Some time back a young film school graduate made a very pertinent comment, that there are two kinds of people who are into filmmaking: one who want to make films, and the other who want to be filmm
A young technician starting out on his career in the film industry is most often an insecure fellow: what if he can’t make it?
There is an interesting anecdote that Subhash Ghai had recounted at a screenplay writing seminar at FTII many years ago about how Yash Chopra’s Deewar (1975) came to be cast.
In the recently released movie Andhadhun by maverick thriller director Sriram Raghavan, a young piano player who fakes his blindness witnesses the cover up of a murder by the deceased’s wife and he
Mohandas Karamchand Gandhi — whose 149th birth anniversary we celebrated last week — still remains the most internationally-acclaimed Indian, apart from perhaps Gautam Buddha.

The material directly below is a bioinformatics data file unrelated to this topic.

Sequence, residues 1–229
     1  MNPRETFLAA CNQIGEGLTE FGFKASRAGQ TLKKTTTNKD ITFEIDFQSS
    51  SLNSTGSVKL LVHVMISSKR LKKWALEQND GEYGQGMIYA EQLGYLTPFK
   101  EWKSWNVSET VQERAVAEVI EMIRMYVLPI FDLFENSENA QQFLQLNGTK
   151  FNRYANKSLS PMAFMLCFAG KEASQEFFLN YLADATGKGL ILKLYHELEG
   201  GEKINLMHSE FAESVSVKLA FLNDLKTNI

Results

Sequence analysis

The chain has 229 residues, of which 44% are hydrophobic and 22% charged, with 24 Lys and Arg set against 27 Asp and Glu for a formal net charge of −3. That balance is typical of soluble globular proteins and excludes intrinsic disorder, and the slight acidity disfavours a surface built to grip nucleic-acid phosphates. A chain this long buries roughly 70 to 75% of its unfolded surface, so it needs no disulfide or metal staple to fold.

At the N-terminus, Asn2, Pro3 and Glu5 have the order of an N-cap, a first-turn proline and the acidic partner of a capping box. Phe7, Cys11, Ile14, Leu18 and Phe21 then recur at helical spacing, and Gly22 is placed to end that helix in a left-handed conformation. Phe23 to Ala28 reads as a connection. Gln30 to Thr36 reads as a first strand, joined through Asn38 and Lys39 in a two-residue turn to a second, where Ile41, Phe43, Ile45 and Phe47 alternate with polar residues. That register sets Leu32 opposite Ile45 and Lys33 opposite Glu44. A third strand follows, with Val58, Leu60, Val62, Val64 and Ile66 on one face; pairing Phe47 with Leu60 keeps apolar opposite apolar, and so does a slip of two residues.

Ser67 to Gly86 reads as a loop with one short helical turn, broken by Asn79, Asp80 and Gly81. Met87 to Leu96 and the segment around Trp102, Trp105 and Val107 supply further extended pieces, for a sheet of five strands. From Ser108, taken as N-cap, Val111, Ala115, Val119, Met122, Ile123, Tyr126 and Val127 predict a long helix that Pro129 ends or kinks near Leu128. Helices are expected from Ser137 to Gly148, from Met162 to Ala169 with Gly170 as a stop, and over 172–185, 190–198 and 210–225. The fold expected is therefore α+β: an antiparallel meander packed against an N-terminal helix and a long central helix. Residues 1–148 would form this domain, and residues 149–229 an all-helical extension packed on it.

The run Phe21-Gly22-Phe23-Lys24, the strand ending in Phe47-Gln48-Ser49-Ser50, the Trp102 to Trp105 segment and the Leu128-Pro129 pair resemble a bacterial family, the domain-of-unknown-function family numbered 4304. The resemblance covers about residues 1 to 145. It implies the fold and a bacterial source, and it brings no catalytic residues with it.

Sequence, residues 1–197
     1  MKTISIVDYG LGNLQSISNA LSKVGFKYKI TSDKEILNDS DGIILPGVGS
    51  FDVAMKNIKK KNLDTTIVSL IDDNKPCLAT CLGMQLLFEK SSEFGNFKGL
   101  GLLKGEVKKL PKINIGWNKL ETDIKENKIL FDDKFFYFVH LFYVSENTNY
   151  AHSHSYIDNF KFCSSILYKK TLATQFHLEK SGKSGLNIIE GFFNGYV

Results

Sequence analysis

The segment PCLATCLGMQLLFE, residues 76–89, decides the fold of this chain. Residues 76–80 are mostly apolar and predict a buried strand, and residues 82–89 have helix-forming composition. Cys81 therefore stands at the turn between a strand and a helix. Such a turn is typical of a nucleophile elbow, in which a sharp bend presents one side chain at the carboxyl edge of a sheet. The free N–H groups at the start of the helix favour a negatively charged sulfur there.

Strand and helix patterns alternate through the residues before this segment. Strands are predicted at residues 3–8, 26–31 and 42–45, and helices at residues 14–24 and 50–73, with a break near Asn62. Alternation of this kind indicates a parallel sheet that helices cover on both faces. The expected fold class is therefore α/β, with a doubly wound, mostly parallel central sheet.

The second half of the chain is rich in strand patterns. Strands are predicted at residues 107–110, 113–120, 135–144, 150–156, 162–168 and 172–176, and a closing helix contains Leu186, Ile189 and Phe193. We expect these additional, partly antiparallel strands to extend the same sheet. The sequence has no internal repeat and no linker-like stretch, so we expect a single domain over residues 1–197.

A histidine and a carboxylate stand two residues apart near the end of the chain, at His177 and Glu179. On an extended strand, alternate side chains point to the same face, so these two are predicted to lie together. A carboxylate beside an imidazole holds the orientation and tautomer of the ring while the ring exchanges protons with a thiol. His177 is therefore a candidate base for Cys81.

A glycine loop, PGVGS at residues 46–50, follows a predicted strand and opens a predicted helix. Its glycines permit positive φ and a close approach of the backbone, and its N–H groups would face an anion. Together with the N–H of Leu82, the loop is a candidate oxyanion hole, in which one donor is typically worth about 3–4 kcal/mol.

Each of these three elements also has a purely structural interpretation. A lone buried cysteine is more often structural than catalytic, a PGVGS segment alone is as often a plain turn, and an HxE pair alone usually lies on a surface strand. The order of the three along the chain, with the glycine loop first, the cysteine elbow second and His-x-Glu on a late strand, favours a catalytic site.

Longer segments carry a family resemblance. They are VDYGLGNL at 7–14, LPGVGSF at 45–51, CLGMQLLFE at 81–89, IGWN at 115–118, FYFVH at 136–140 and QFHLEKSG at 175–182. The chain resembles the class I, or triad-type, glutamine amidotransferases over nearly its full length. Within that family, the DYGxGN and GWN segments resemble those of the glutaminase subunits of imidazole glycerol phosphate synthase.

Couple of years ago Telegu actor Uday Kiran committed suicide at his house in Hyderabad.
Apart from the fact that both are filmmakers, albeit widely different sensibilities, what else is common between David Dhawan and David Lean?” This could be a question posed in any quiz contest.
The word ‘Jhumri Telaiya’ wouldn’t ring a bell in the minds of today’s generation.
Strange as it may sound today, but during the 70s and 80s, for anyone wishing to watch a masterpiece from world cinema, it was an arduous task. First, he had to be a member of a film society.
It is the sign of our times that people without an iota of credentials or talent can hog the limelight for making stupid, irresponsible remarks.